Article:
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Genesis - The Lamb Lies Down on Broadway CD (album) cover




Symphonic Prog

4.31 | 3057 ratings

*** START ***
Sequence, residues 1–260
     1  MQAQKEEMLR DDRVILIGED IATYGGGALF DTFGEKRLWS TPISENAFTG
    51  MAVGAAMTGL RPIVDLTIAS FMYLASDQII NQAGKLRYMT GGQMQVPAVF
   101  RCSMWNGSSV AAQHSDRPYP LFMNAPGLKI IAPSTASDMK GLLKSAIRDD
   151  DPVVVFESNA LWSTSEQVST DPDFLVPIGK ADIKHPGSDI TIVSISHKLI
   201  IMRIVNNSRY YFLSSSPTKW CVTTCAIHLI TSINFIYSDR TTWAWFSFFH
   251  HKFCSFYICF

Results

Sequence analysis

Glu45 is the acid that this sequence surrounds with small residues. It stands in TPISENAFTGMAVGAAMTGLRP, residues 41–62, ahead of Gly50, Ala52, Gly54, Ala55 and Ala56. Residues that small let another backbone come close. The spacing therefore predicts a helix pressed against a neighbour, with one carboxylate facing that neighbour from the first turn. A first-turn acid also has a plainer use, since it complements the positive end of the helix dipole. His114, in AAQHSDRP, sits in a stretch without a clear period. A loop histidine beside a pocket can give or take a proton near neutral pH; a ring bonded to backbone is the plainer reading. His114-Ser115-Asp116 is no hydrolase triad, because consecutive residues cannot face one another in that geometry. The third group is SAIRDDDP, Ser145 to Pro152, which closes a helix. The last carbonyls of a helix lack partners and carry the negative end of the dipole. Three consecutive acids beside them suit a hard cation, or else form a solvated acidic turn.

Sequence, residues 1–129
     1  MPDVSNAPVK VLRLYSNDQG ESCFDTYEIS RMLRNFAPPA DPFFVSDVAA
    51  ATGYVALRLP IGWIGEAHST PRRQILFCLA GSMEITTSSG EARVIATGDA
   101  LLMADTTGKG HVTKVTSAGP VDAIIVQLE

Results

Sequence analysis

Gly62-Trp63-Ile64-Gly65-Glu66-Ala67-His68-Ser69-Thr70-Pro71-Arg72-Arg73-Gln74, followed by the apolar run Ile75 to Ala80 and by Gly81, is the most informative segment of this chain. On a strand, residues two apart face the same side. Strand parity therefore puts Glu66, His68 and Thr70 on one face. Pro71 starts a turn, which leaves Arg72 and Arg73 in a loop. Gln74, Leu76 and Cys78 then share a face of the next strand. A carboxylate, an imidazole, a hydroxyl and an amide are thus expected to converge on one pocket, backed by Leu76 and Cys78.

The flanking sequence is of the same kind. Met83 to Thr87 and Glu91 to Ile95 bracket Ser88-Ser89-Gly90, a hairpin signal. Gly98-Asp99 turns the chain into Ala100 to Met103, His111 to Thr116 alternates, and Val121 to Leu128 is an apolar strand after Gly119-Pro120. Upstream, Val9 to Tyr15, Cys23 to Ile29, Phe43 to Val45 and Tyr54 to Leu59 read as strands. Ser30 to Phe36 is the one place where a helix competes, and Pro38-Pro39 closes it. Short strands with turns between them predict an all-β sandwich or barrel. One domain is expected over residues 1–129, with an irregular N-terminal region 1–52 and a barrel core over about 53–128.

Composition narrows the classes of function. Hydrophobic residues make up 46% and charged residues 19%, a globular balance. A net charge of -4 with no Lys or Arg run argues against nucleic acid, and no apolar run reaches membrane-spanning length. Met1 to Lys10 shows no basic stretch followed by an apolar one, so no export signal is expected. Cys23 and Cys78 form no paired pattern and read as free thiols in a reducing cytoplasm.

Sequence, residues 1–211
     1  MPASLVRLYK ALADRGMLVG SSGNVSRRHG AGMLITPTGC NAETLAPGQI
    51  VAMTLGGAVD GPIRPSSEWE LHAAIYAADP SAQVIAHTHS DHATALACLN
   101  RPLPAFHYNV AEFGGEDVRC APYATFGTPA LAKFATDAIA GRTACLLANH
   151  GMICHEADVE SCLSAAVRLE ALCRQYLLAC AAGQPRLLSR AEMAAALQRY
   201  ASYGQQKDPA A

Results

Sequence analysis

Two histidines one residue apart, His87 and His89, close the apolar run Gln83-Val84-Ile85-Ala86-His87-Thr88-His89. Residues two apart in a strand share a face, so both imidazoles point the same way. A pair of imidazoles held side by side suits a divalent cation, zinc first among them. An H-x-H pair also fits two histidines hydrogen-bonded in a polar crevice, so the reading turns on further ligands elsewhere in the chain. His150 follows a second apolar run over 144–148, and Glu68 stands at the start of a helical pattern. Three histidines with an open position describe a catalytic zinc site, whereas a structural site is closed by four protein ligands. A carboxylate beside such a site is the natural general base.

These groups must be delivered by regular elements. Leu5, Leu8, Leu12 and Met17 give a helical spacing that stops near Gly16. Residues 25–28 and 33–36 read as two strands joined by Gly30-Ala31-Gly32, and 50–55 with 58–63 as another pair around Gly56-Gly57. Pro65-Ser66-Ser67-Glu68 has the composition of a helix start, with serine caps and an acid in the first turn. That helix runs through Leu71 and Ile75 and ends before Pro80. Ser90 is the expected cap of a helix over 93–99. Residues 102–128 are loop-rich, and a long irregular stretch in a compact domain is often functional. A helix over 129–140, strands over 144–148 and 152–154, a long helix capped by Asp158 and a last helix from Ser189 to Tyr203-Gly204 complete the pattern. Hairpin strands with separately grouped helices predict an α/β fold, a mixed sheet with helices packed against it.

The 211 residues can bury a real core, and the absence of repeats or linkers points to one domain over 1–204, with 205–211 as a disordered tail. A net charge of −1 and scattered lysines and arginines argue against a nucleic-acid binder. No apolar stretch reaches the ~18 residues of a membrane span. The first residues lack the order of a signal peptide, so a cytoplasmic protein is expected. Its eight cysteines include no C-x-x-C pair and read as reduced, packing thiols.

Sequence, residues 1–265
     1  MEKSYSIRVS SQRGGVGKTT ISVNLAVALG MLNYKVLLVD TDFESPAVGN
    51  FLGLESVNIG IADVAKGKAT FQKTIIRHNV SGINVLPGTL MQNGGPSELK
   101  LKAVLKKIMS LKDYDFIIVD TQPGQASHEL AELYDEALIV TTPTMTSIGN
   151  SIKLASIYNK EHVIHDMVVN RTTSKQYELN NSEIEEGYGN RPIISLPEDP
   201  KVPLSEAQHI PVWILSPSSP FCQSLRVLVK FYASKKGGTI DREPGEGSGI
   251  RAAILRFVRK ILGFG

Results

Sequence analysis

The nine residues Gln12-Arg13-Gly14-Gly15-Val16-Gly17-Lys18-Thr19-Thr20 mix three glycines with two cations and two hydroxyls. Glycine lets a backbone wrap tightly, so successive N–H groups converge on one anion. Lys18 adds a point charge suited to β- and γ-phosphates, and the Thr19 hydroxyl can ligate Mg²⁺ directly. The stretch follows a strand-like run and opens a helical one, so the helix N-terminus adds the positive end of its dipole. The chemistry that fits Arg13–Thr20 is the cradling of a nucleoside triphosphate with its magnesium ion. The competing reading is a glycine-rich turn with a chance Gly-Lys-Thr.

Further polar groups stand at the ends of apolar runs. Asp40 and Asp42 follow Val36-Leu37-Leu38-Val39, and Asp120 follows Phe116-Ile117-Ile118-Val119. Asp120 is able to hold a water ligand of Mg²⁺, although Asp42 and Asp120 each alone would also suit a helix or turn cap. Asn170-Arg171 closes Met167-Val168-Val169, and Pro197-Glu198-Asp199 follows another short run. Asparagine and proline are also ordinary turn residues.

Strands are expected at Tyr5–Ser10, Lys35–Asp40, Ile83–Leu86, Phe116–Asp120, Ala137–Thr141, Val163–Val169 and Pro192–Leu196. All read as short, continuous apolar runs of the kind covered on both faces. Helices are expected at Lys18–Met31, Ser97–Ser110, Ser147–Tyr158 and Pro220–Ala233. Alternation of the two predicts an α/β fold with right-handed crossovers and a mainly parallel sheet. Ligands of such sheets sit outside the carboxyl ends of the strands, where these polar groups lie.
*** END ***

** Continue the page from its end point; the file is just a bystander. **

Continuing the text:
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5 stars 'The Lamb' - without a doubt, the ultimate Genesis album, and simply one of the best albums of all time. Equally without doubt, an album that demands serious commitment from the listener if it is to be fully appreciated. With previous albums, though they are excellent of course, Genesis still stood with one foot in the realm of accessibility - they were fairly short, with distinct standalone tracks to get to grips with individually, offering a relatively easy way into their world of complex symphonies and twisted imagery. But 'The Lamb', seeing their one previous extended piece 'Supper's Ready' as a green light, presents a double concept album of near-continuous music - a complete story told through ninety-five minutes of rich progressive rock by five outstanding musicians at their most energetic and experimental. Just like Yes with 'Tales From Topographic Oceans', you have to accept that the band mean business.